Sexual Performance by a Child: Texas Penal Code §43.25

Texas Criminal Law

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The Texas Sexual Performance by a Child law makes it illegal to allow or encourage a child (including anyone under 18 years old) to participate in a “sexual performance” or engage in “sexual conduct.”

Sexual performance and sexual conduct are defined in such a way to cover a very wide array of activities. You can be charged with this offense whether you are the child’s parent or totally unrelated.

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Because of the exceptions outlined in the statute and the wide range of people subject to criminal penalties, the Texas offense of Sexual Performance is significantly more complex than the Indecency with a Child offense. Indecency with a Child is basically the “Statutory Rape” offense in Texas and requires the state’s attorneys to prove nothing more than the child’s age and the sexual contact.Sexual Performance by a Child is much more complicated.

The Texas legislature codified this criminal offense in Texas Penal Code Section 43.25. The law was not amended in 2023. The law was most recently amended in 2017, but the changes were nonsubstantive.

The Penal Code classifies the Texas Sexual Performance by a Child law under Title 9 “Offenses Against Public Order and Decency,” Chapter 43 “Public Indecency.” These “public indecency” crimes are sex crimes, but they are not of a violent or assaultive nature. Learn more about the Texas offense of Sexual Performance by a Child below.

What is the current Texas law about Sexual Performance by a Child?

The current Texas law defines the offense of Sexual Performance by a Child in Penal Code Section §43.25 as follows:[1]

(b) A person commits an offense if, knowing the character and content thereof, he employs, authorizes, or induces a child younger than 18 years of age to engage in sexual conduct or a sexual performance. A parent or legal guardian or custodian of a child younger than 18 years of age commits an offense if he consents to the participation by the child in a sexual performance.

(d) A person commits an offense if, knowing the character and content of the material, he produces, directs, or promotes a performance that includes sexual conduct by a child younger than 18 years of age.

Sexual Performance by a Child is closely related to the Texas offense of Indecency with a Child, but there are important differences. The age of consent for the Sexual Performance offense is 18 years old, while the age of consent for Indecency with a Child is 17 years old. The prohibited behavior is also different. “Sexual Performance” requires either some kind of visual representation such as a part in a play or movie (or, for instance, a selfie or other cell phone photo or video) or sexual conduct.[2] The Sexual Performance by a Child law also extends to parents of children and people who are involved with a film such as directors, promoters and producers, but there are numerous exceptions described in the sexual performance statute as well. Learn more about the difference between Sexual Performance by a Child and Indecency with a Child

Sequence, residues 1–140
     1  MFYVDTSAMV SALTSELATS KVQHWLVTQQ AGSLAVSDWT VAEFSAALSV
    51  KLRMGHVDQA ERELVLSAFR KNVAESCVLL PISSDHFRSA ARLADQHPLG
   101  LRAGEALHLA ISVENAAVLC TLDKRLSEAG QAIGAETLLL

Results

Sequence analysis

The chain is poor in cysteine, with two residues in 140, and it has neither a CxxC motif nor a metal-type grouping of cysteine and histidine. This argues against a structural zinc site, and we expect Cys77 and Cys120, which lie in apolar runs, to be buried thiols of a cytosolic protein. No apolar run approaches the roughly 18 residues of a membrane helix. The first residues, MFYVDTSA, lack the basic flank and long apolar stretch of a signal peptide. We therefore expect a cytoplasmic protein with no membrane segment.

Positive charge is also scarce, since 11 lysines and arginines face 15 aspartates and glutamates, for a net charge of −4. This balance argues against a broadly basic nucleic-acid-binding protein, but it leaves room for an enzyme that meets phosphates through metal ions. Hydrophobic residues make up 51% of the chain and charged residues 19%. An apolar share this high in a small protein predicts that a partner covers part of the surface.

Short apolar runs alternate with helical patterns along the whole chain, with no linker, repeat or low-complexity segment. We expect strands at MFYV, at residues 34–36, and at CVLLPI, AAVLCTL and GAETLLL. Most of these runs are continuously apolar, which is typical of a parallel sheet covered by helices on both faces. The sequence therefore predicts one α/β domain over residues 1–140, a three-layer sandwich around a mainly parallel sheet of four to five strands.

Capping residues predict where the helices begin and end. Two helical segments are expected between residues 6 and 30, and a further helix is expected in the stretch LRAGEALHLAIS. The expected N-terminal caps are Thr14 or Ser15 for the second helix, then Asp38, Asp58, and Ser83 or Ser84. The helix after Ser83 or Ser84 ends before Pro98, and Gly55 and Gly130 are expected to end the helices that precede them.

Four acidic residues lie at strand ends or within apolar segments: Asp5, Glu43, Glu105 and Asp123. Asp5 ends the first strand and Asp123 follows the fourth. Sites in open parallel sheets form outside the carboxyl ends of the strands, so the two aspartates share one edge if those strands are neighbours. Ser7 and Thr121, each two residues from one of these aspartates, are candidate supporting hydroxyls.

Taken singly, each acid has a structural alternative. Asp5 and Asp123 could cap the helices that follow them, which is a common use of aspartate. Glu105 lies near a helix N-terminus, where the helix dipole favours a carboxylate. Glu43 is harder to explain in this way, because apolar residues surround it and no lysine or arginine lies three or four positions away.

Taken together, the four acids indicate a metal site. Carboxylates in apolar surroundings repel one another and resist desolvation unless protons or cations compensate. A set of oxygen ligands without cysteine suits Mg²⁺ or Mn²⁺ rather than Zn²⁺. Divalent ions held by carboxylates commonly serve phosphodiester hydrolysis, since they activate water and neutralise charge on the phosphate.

What are the affirmative defenses for Sexual Performance?

You may assert any of three affirmative defenses for a prosecution for Sexual Performance by a Child: (1) that the accused person was married to the child at the time, (2) that “the conduct was for a bona fide educational, medical, psychological, psychiatric, judicial, law enforcement, or legislative purpose” or (3) the person is no more than two years older than the child.[3]

What does Sexual Performance mean?

Sexual Performance is defined under Texas state law as “any performance or part thereof that includes sexual conduct by a child younger than 18 years of age.”[4]

A “performance” is defined as “any play, motion picture, photograph, dance, or other visual representation that can be exhibited before an audience of one or more persons.”[5]

What does Sexual Conduct mean?

Sexual Conduct” is defined as “sexual contact, actual or simulated sexual intercourse, deviate sexual intercourse, sexual bestiality, masturbation, sado-masochistic abuse, or lewd exhibition of the genitals, the anus, or any portion of the female breast below the top of the areola.”[6]

What is a “child” under the Sexual Performance law?

In both subsections (b) and (d), the statute explicitly states that it applies to a “child younger than 18 years of age.” So this offense would cover sexual performances and conduct of 17 year olds and younger.

What is the statute of limitation for Sexual Performance by a Child in Texas?

The limitations period of the Sexual Performance by a Child law is twenty years from the 18th birthday of the victim of the offense.[7]